Herbert ‘Tippen’ Davidson, Owner of Daytona Paper, Dies

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By: E&P Staff

Herbert Marc “Tippen” Davidson Jr., the president, CEO, and co-editor of The News-Journal in Daytona Beach, Fla., died this morning from complications of a staph infection. He was 81.

Davidson, whose family owns the majority of the News-Journal, was an active member in the Daytona Beach community founding such projects as the Seaside Music Theater, a professional musical venue.

The newspaper has been in the Davidson family, which owns a majority stake, for 79 years.

The News-Journal reported Davidson’s death this morning.

In a statement to News-Journal employees, Publisher Georgia Kaney wrote “like his father and grandfather before him, Tippen has made plans to insure that the newspaper will continue to do business under Davidson family ownership.”

Davidson was born in 1925 in Chicago to Herbert and Liliane Davidson. The family moved to Daytona Beach in 1928 along with Davidson’s grandparents, Julius and Rose Davidson, after the family bought the News-Journal.

After studying at the Juilliard School of Music in New York and working for a year as a professional musician, Davidson served as a reporter for the News-Journal in 1947 to 1949. He then went to the Chicago Daily News for a year before returning to his family’s paper eventually serving as managing editor. In 1962 he was appointed vice president and general manager. He assumed the role of president, publisher, and co-editor after the death of his father in 1985.

Davidson’s wife, the late Josephine Davidson, served as co-editor of the News-Journal from 1985 until her death in 1995.

In 1998, Davidson handed the duties of daily operations over to his assistant Kaney, who was named publisher. Davidson became CEO, president, and co-editor in order to concentrate on community projects.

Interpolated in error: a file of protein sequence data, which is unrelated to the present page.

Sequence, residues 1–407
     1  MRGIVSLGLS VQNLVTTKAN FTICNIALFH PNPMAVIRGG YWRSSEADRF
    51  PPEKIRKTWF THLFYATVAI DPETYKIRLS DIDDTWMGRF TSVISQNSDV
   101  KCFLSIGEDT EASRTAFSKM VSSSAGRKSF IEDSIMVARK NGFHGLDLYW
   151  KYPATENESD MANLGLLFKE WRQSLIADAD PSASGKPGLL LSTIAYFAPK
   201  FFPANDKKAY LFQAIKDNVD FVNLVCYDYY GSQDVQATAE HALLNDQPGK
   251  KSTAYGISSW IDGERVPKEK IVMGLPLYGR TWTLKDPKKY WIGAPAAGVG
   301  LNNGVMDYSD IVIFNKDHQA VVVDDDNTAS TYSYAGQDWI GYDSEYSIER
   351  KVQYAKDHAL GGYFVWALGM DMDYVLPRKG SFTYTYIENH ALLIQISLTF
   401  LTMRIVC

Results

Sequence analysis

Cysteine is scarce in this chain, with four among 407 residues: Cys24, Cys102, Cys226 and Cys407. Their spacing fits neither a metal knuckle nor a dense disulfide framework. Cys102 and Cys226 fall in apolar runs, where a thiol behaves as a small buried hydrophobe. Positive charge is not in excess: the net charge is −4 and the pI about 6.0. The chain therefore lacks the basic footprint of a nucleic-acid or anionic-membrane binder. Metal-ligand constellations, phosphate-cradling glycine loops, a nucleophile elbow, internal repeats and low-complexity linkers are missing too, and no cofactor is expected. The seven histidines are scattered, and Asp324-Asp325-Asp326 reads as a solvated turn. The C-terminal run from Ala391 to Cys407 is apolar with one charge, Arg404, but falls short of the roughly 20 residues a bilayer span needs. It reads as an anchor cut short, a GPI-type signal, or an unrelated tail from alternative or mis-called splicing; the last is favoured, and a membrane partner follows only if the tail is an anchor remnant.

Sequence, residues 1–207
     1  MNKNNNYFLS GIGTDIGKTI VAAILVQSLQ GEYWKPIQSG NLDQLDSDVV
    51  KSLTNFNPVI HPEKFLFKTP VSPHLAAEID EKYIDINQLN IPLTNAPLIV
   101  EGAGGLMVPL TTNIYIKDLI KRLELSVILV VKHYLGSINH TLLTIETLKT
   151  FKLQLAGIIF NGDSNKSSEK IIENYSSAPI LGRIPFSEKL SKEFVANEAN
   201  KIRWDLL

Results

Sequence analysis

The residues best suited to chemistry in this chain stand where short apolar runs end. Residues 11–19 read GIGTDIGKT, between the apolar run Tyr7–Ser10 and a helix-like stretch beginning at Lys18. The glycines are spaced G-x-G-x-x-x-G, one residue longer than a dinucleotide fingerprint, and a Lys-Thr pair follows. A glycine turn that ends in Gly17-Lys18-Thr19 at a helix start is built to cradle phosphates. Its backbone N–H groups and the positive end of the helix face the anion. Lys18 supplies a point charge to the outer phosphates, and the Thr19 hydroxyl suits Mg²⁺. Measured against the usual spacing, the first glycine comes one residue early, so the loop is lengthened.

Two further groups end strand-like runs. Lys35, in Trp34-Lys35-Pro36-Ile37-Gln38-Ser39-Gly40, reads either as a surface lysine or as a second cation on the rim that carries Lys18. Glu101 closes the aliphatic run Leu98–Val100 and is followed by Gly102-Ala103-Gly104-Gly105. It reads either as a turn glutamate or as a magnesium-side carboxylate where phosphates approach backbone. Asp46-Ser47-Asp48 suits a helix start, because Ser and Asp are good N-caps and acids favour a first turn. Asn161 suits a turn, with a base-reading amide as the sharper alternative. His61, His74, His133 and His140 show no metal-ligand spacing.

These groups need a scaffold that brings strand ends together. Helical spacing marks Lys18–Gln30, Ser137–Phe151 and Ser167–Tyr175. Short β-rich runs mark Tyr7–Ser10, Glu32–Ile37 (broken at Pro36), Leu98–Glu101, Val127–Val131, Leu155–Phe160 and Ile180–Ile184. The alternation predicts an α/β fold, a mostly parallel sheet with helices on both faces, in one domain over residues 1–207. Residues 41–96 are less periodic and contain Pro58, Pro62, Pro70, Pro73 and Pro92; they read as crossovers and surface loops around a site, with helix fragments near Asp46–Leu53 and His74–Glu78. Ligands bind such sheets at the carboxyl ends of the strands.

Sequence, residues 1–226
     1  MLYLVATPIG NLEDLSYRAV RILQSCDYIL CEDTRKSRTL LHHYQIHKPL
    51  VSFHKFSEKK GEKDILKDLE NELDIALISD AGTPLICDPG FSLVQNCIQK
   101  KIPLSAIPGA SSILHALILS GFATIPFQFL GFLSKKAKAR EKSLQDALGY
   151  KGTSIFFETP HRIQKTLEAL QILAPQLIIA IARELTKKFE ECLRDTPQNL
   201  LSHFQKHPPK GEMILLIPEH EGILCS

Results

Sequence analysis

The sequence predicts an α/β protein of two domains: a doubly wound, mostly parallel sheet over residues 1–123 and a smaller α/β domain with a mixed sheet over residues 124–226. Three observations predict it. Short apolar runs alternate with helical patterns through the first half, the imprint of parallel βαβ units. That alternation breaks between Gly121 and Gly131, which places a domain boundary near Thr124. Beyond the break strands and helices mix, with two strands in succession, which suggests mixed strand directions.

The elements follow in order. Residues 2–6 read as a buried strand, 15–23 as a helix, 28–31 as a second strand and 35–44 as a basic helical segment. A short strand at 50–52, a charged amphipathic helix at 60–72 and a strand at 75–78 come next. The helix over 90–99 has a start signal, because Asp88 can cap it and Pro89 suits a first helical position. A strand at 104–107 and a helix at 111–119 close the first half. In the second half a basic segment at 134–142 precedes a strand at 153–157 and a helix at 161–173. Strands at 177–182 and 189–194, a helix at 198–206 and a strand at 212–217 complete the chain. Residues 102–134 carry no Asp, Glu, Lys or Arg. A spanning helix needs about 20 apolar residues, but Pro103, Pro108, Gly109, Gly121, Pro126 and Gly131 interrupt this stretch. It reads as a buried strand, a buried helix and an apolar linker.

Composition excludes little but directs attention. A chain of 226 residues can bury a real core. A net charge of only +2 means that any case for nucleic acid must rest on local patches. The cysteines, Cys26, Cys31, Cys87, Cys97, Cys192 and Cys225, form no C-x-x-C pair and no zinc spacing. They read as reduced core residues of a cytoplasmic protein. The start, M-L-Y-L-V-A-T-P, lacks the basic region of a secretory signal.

Davidson’s son Marc Leon Davidson is editor of the newspaper’s online services. His daughter Julia Rose Davidson Truilo also worked closely with her father. Truilo’s husband Robert serves as a business manager for the News-Journal.

When asked what his most important accomplishment was, the News-Journal quoted Davidson: “Keeping the News-Journal a family-operated, local newspaper now and well into the future.”

In recent years, the paper has been in a shareholder fight with its minority-owner, Cox Newspapers, over funding for the Seaside Music Theater. The News-Journal Corp. paid $13 million in official naming rights for the theater, which is now called the News-Journal Center. Cox sued the News-Journal Corp. alleging “fraud, waste, and mismanagement.” The lawsuit triggered legislation that allows for the majority owner to buyout the minority party. Cox agreed to sell its shares to the Davidson family. A federal district judge said the value of Cox’s stake is worth $129.2 million. The News-Journal filed an appeal in November.

“Tippen’s death will not affect the legal battle with Cox, the family’s ownership of the newspaper, or continuity of newspaper management and operations,” wrote Kaney in a statement.

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